No argument from me, raysmj. Bush does not bode well in any respect. And a conspiracy is not required for a long string of presidents pursuing the prevailing trends in foreign and domestic policy. The reactions of the Bush administration to 911 are consistent with these trends and given the severity of the circumstance. This doesn't make it any less scary, for sure.

But I can also understand the idea that any cries that fascism is alive and well in America is bordering on hyperbole. I think the social manifestations that have been brought up to show that it is already actively in control are nothing more than suspicions, not evidence. We are still at a point when we should hold politicians to their word, which is why I so despise this administration. I am more inclined to take them at their word and deem them incompetent rather than imply some nefarious plot. For now.

I think if we should focus on anything it should be plain old corruption.

Maybe if we replace the word "fascism" with "fashizzlism" the ongoing debate might get a little more interesting ;).
posted by effwerd at 1:32 PM on February 9, 2005


effwerd: Taking people overseas - including Canadian citizens, for gosh sakes - and having them tortured is not incompetence. Not allowing people being detained without charge to have attorneys present at arraignment-style hearings regarding their requests to have their detainment challenged (as the Supreme Court suggested many would have the right to do - yet only three out of 500 were allowed to do, ultimately) is not incompetence. It's done by design, and is absolutely corrupt. And I finally joined the ACLU after reading about it.
posted by raysmj at 1:47 PM on February 9, 2005


Let's not make the mistake of thinking that when/if fascism comes to this country, it will come with brown shirts and armbands. As Huey Long said, it will march under the stars and stripes, and probably the cross, too.

As obvious as this may seem, I think this is actually a pretty important point. Germans in the 30s weren't marching around thinking, yay, we're evil! They were just being patriotic and proud. What brings 'fascism' to mind, I guess, is the culture of fear, the centrality of the military, and the unwavering patriotism. Sure, lots of governments have had these things. But as a modern, educated democracy, we should be able to get beyond them.

I agree the word choice is difficult, and it does become reminiscent of all the "social security=communism" type claims, so I also would prefer other words... but it still feels as if we are moving in a bad direction. I will say, though, that it may just be 'stylistic' or something. I remember feeling this way as a kid under Reagan, and some people consider him a great president. I do not particularly remember feeling this way under Bush I or Clinton.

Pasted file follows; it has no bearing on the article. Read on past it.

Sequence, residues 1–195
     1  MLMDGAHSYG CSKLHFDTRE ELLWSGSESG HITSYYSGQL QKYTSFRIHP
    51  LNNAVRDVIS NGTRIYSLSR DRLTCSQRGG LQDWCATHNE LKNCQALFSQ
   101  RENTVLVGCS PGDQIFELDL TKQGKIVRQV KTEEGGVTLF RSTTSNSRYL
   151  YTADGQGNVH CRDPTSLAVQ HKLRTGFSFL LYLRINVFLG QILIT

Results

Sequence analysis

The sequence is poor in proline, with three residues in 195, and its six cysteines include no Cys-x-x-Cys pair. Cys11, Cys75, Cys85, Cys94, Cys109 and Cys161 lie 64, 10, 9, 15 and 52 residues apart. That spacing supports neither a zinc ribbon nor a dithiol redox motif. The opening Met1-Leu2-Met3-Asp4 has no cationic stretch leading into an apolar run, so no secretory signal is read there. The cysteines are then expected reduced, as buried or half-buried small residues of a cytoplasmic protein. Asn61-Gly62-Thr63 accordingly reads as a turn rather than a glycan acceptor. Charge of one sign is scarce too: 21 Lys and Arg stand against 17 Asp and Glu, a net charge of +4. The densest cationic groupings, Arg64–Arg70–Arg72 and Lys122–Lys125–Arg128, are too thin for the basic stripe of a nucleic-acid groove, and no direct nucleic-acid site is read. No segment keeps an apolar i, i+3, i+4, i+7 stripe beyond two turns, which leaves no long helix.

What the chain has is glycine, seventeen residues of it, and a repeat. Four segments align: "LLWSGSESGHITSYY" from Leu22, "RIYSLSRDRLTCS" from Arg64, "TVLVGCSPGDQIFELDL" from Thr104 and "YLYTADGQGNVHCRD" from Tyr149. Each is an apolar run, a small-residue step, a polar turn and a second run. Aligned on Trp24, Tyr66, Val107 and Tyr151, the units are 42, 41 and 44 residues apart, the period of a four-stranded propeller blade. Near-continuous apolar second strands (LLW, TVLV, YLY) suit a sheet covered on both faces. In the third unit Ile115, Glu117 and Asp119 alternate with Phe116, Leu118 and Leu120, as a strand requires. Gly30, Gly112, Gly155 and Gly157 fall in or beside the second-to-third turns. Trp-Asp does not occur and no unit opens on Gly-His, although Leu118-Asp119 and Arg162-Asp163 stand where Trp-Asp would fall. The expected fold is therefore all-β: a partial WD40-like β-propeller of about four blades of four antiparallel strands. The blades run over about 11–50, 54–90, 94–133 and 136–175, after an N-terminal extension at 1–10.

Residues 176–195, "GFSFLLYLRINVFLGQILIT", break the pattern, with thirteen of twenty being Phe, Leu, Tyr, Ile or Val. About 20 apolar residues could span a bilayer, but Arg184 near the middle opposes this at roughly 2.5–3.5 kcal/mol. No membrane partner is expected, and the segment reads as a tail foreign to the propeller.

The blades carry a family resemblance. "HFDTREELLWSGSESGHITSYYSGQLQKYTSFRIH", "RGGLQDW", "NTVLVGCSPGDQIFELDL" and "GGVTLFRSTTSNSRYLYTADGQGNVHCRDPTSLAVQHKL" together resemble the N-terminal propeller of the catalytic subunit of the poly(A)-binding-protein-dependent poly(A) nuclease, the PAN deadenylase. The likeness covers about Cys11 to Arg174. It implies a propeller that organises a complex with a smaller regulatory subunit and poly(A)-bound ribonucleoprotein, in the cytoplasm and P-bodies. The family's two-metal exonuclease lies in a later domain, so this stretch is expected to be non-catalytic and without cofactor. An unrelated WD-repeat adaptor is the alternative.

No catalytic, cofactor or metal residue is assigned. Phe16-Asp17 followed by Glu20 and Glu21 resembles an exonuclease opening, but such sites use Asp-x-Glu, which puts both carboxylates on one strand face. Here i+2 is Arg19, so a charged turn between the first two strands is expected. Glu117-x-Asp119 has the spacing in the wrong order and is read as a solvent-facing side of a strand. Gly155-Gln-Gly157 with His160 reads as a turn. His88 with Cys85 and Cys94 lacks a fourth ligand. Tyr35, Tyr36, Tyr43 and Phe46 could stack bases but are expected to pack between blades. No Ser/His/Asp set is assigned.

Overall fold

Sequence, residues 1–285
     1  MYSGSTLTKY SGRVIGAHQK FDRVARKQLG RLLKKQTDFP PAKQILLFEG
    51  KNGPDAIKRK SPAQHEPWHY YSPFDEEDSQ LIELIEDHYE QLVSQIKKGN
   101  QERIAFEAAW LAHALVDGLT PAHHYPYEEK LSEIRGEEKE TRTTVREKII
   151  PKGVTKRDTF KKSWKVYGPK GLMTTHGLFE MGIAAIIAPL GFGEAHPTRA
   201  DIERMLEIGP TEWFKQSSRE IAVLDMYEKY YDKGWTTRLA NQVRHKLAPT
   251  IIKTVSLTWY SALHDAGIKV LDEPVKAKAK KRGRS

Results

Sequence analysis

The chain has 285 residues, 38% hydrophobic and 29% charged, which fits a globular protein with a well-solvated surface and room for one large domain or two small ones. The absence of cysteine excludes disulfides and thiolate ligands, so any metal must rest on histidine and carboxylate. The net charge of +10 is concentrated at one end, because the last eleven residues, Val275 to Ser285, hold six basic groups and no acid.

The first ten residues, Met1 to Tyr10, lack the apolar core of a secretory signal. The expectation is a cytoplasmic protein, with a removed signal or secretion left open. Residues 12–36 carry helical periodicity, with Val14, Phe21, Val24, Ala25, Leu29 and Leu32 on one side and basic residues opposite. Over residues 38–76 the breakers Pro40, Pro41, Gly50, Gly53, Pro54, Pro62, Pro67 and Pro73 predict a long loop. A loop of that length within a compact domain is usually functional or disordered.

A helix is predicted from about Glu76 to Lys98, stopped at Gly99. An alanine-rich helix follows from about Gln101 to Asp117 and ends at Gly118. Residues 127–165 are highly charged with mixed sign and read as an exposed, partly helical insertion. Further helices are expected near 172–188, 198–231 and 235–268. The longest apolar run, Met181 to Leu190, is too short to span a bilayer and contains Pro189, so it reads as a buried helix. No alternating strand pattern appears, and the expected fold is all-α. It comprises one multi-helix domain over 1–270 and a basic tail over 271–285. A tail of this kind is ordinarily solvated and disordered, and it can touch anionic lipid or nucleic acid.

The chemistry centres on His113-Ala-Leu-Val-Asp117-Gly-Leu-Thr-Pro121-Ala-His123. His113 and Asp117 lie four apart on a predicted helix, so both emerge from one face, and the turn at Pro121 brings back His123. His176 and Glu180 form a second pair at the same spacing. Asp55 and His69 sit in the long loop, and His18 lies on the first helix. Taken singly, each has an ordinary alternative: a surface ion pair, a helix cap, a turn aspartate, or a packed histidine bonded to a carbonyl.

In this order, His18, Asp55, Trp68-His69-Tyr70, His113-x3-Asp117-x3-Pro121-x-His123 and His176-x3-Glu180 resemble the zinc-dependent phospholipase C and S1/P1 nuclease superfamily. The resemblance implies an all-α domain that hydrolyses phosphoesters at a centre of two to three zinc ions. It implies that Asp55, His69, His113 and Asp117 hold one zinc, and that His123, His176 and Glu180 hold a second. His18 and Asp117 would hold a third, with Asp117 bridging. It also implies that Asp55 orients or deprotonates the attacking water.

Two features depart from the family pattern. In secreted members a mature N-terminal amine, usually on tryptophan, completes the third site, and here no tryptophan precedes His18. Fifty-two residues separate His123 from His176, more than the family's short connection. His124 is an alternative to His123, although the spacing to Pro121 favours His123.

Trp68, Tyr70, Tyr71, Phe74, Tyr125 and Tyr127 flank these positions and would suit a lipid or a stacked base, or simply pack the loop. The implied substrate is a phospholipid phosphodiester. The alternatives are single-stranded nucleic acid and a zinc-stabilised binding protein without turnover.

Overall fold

In all likelihood, we'll vote in someone else in a few years, and some people will look back over bush II as the greatest years, and others (like me) will feel relieved that it's over, and hope we can rebuild... the same way different folks look back over the reagan years. But that still doesn't relieve the uneasiness I feel now (that perhaps later it will be over-)
posted by mdn at 3:21 PM on February 9, 2005


raysmj: I don't see how this is particularly new except for degree. The foundations of these tactics aren't rooted in the current administration. And I wasn't saying such behavior is merely incompetence exclusive of all other evaluations, emotional or otherwise. I was saying given the trends toward fascist behaviors over the past decades, Bush seems to be following the curve (adjusted for 911) as expected. Either as an implementor of some grand fascist plot or a simple public servant gone awry, given all that is the office of POTUS, he is, by far, best characterized as incompetent. I see the reprehensible tactics you mention as merely a part of the office. It's been there for some time now. Yeah it's corrupt government and something we should be working to fix but I don't think it's so much a unique sign of fascism.
posted by effwerd at 3:25 PM on February 9, 2005


effwerd
Maybe if we replace the word "fascism" with "fashizzlism" the ongoing debate might get a little more interesting ;)

Seems many people replaced it with "facism" a while ago. Maybe it's sort of racist fascism?
posted by kcds at 3:28 PM on February 9, 2005


I have a feeling, by the way, that fascism might not be the thing to fear. When "something bad" happens to the United States, it will be new and different, not the same thing that happened fifty years ago and that every one of us hates now. There are many evils that could occur; fascism would be the most obvious, and therefore the most unlikely, I think. To me, at the moment, the two most likely things are either anarchy or capitalist oligarchy.